Author Topic: Reader Case Study – Raising a family on one teacher's salary  (Read 2224 times)


  • 5 O'Clock Shadow
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Reader Case Study – Raising a family on one teacher's salary
« on: November 06, 2015, 08:25:34 PM »

Life Situation: 33 years old. Married filing jointly. 2 year old son and a daughter on the way. I’m a public school teacher, wife is a stay at home mom, and will be for at least 3 more years. She is a former teacher who swears she is not going back to it. We are in the 15% tax bracket.

Net Salary/Wages: 40,328, (3360 monthly) including summer school pay.

Pre-tax deductions: 7% mandatory pretax pension plan contribution. Will probably not reach the 10 years needed to be fully vested and will withdraw my contributions (with pitiful interest) when I leave teaching. I don’ t have a lot of confidence in Pennsylvania’s Teacher pension plan   

Taxes: We take the standard deduction for now.

Current monthly expenses:
Rent: 1095
Electricity: 65
Natural Gas 60
Trash, Sewer, Water, 71
Renters Insurance 12
Phone 25 (two cell phones – republic and tracfone)
TV (Netflix and occasional rental) 9
Internet 40
Car Insurance/Registration/Inspection 70
Gas 80 (projected for higher gas prices this year)
Car repairs 30
Life Insurance (20 year term, 500,000) 29
Medical/Dental copays, deductibles, exc: 60
Groceries/Personal Care 350 (includes paper goods, hygiene stuff, house cleaners)
Restaurants 50
Clothes 30
Vacation/ Travel 85
Gifts 30
Entertainment 25 (family outings)
Church/charity 330
Student Debt Repayment 247
Misc. (everything else) 70

Total: 2863

Cash and liquid assets: 296000
Retirement assets: 89800 (approximately 19,000 pre tax, and 70,000 Roth IRA)
Car: 2007 Honda Civic (98,000 miles) paid off, worth about 5,000 

Student Loan: 9,900 at 0% interest. About three more years of payments. (This was a special teacher cert. program that basically offered an interest free loan from the school. 

I’m a long time reader, first time poster. My wife and I use to save over 50% of our combined income. We also received some significant financial gifts from my wife’s grandmother. We’ve obviously chosen to value my wife staying home with kid(s) over our potential financial independence. I’m guessing the wife will never return to full salaried employment – she’ll work at some point, but I don’t expect a significant income or benefits. I probably won’t retire early in the mustachian sense, but I do want to FI as soon as possible so that I can either demote myself to work that is less life-sapping than teaching (it is rewarding, don’t get me wrong), or so that I can continue teaching but increase charitable giving greatly. Basically I want the freedom to make this choice. I don’t envision our expenses increasing too greatly with the new child – we cloth diaper, make baby food (groceries will increase somewhat), breastfeed (or at least anticipate this) for two years, and have a bunch of hand me down clothes that we were gifted. Generally speaking our liquid assets are invested 55% stocks, 30% bonds, 15% cash (down payment?). Dividends/interest is reinvested. I use Vanguard etfs.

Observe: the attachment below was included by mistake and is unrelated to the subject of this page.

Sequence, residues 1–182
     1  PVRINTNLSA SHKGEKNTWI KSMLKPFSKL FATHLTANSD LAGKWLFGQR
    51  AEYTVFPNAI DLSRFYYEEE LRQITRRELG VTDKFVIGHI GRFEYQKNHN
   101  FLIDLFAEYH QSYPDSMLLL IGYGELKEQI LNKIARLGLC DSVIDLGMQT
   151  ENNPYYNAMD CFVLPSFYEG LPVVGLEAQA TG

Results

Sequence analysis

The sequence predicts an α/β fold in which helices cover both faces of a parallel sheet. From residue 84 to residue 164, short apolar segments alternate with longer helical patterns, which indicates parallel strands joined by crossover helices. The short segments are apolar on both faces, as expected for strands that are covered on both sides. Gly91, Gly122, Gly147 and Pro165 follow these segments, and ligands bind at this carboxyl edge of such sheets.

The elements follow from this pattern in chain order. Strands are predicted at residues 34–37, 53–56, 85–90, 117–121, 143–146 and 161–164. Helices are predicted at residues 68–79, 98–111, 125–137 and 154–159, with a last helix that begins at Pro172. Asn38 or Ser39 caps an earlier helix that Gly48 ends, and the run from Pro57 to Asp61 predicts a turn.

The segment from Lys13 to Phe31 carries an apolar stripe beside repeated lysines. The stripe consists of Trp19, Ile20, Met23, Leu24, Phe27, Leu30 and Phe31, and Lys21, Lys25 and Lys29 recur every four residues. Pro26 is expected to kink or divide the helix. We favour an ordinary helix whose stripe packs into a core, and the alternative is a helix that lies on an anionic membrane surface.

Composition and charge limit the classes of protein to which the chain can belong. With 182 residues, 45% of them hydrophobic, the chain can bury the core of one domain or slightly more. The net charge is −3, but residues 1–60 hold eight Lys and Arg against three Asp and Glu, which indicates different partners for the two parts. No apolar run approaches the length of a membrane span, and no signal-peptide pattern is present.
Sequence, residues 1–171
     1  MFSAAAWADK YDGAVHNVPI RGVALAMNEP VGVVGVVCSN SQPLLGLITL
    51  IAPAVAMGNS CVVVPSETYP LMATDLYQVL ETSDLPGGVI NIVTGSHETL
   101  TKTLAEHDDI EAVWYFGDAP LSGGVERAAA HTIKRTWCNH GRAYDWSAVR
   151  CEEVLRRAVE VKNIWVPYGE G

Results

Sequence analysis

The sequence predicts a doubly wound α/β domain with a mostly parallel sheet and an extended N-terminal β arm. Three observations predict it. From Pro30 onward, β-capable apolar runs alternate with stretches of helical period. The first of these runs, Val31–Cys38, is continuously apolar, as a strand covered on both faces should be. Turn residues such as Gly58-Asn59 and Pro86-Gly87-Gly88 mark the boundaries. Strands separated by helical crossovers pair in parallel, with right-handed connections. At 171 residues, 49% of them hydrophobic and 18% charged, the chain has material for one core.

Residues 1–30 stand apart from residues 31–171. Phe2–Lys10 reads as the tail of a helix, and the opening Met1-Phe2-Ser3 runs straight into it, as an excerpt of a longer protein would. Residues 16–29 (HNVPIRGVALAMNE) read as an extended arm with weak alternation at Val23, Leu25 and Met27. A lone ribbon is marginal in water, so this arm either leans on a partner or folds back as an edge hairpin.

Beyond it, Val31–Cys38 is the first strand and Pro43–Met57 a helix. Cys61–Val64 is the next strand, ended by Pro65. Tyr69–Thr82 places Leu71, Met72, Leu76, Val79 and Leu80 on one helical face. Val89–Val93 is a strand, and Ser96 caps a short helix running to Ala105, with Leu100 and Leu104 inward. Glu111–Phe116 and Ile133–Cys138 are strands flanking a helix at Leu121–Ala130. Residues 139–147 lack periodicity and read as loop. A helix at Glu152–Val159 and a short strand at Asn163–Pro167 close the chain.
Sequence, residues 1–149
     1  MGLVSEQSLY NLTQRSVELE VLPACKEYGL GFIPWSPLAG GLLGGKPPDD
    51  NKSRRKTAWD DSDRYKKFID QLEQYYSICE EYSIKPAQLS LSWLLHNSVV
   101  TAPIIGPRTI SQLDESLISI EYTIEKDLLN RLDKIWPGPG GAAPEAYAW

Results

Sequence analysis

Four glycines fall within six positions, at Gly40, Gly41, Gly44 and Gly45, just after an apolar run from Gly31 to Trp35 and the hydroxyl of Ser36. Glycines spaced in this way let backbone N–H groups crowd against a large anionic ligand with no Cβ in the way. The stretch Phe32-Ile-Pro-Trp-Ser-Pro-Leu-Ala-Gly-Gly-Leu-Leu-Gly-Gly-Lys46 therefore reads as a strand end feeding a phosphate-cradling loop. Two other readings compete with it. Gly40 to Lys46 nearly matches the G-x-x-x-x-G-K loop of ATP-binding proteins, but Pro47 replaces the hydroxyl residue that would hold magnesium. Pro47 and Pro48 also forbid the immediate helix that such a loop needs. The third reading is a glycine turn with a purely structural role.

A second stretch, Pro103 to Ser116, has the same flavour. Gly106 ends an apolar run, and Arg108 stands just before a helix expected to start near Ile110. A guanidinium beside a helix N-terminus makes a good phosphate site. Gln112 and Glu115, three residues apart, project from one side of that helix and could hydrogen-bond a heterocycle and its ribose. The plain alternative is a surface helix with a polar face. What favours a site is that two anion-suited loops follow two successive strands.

We are strongly considering purchasing a home, which may cost between 180,000 and 220,000 which we will take out a mortgage on. That will take a chunk of cash for a down payment and upfront costs that will not be able to be invested toward FI. Is purchasing a home compatible with our situation and goal (faster FI)? We are satisfied with our present rental situation, if you are wondering. There are a lot of variables in my situation that aren’t certain at present (wife’s future employment one of them), but can you see a  realistic goal for me as far as obtaining FI, and what are your suggestions for getting there quicker?


  • 5 O'Clock Shadow
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Re: Reader Case Study – Raising a family on one teacher's salary
« Reply #1 on: November 07, 2015, 08:12:28 AM »
Nice savings you have there!  Just out of curiosity, did you build that up over time or did it come from a windfall?

If it were me, I'd hang onto that money and continue renting, waiting for a small housing market downturn to buy.  Sounds like you need ~$40k for a downpayment, so I would invest the rest (minus an emergency fund) ASAP. 

Even though you have a zero percent interest loan, I'd probably wipe that out with the money you have available.  Just easier to sleep at night and one less payment to stress about monthly. 

This is my two cents, and I'm sure others will come along with their own thoughts.

Good luck!


  • 5 O'Clock Shadow
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Re: Reader Case Study – Raising a family on one teacher's salary
« Reply #2 on: November 07, 2015, 10:55:24 AM »
We saved up about 230 grand, and have been fortunate to have my wife's grandparents gift the rest of it. I regret not having benefited much from the past few years' stock market returns. While not new to investing, I am pretty new to the concept of buy and hold investing (rather than mindless and unfruitful speculation).

Part of me agrees with continuing to rent. I don't like the idea of tying up a bunch of money on a down payment/closing costs, when I don't have the savings rate to save super aggressively to replenish it. 


Wow, a phone plan for fifteen bucks!